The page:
Thursday, February 21, 2013

The Time for a Gay Professional Athlete Is Now

From the Huffington Post:
As over 100 million fans watched Super Bowl XLVII, there were two gay stories in the media. Ravens linebacker Brendon Ayanbadejo, a vocal activist for gay rights since 2009, continued his advocacy by leveraging the media surrounding the Super Bowl to raise awareness for LGBT equality. On the other side of the field, in a publicity fumble, 49ers cornerback Chris Culliver was taped in an interview saying, "We don't got no gay people on the team. You know, they gotta get up out of here if they do. Can't be with that sweet stuff. ... Nah, can't be ... in the locker room." The team immediately condemned the player's words, but the fumble continued as 49ers linebacker Ahmad Brooks and nose tackle Isaac Sopoaga denied having participated in the NFL's first video for the It Gets Better project, which supports LGBT youth, many of whom are bullied. Who would have thought that the 49ers' return to the Super Bowl, after an 18-year drought, would find them doing damage control around homophobia? And how ironic, given San Francisco's gay-friendly reputation!
What will the locker room be like? Are more professional athletes like Culliver than Ayanbadejo? A hostile locker-room atmosphere was depicted in last week's Necessary Roughness, with players mocking gay stereotypes; Chris Kluwe called the portrayal accurate. Nevertheless, as I pointed out earlier, marriage equality polls favorably among athletes. More likely, most players, like most Americans, aren't aware of, don't care about or don't think about the sexual orientation of their co-workers. These players are young, and locker rooms have long been home to mockery and explicit sexual jokes. While we tend to think of professional athletes as adults -- contemporaries of the audience -- these players are young adults. The NFL's average age is 26. Perhaps they lack emotional maturity, but they are also part of a generation raised to believe in tolerance and equality. Most importantly, they are trained to be teammates. And just as troops follow their generals and officers into battle, when coaches and team captains vocally support the openly gay players, the locker-room mentally will begin to shift toward acceptance.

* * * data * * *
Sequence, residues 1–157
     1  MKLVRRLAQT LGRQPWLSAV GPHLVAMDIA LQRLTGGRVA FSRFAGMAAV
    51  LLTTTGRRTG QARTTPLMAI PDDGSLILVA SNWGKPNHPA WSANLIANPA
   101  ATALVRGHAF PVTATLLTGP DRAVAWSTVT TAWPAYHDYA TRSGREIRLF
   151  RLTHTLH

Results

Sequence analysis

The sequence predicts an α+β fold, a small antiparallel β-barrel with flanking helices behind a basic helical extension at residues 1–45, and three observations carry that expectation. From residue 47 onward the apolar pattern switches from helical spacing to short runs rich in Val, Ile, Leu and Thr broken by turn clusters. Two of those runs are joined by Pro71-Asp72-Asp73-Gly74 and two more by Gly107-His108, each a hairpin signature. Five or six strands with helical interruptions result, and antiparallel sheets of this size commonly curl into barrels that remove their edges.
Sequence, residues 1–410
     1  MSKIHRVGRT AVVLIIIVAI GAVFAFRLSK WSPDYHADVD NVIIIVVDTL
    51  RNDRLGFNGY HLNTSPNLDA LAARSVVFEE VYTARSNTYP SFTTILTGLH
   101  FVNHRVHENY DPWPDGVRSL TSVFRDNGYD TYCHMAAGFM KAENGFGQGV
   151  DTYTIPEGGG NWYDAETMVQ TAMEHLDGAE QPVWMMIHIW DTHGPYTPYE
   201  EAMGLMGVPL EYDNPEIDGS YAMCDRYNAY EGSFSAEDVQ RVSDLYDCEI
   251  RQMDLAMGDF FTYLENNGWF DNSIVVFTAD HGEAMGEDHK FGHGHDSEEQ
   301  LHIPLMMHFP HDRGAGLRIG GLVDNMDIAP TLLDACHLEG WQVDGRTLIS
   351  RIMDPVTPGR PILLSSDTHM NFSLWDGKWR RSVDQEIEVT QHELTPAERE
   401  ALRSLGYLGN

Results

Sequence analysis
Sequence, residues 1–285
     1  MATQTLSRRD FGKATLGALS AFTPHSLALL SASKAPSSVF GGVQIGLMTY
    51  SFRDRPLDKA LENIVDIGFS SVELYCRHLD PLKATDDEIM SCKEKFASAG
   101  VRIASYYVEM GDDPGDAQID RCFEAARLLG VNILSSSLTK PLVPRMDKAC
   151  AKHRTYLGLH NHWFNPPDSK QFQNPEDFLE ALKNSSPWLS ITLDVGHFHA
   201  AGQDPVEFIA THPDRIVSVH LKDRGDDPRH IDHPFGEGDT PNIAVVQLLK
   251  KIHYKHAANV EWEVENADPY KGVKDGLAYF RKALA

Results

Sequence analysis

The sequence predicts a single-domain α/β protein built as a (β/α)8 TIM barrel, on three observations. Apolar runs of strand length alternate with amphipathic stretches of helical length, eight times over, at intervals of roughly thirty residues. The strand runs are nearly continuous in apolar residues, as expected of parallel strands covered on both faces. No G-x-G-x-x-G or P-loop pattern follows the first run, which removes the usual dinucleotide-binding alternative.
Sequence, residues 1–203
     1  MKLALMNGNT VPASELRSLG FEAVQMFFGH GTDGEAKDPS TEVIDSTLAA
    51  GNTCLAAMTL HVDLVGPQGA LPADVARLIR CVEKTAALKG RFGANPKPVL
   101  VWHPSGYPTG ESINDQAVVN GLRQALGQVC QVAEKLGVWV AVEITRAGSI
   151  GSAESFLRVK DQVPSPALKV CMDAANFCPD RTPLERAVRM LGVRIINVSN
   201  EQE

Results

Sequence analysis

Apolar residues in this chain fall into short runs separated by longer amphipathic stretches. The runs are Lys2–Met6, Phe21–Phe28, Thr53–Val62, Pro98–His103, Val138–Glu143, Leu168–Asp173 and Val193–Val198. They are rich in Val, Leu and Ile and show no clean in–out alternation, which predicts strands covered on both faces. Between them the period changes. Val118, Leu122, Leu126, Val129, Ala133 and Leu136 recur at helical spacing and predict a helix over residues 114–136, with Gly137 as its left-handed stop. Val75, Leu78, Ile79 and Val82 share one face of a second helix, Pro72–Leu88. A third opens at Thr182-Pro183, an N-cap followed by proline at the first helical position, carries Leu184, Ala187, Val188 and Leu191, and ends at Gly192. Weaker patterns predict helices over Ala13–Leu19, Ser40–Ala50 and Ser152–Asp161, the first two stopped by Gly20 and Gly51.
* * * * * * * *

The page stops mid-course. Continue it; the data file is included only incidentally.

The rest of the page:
Allies are already in place to support this hypothetical player. NFL players Chris Kluwe, Connor Barwin and Brendon Ayanbadejo and legends Scott Fujita, Michael Strahan and Michael Irvin are all allies. Last week in the NBA, the Lakers' Kobe Bryant proved a supporter, chiding fans for anti-gay tweets. League executives are also supporters. NFL commissioner Roger Goodell and former commissioner Paul Tagliabue both have gay family and are supporters. The NFL Players Association, like all player unions, is unwavering in its loyalty to its members. This hypothetical athlete will be fortified at all levels.

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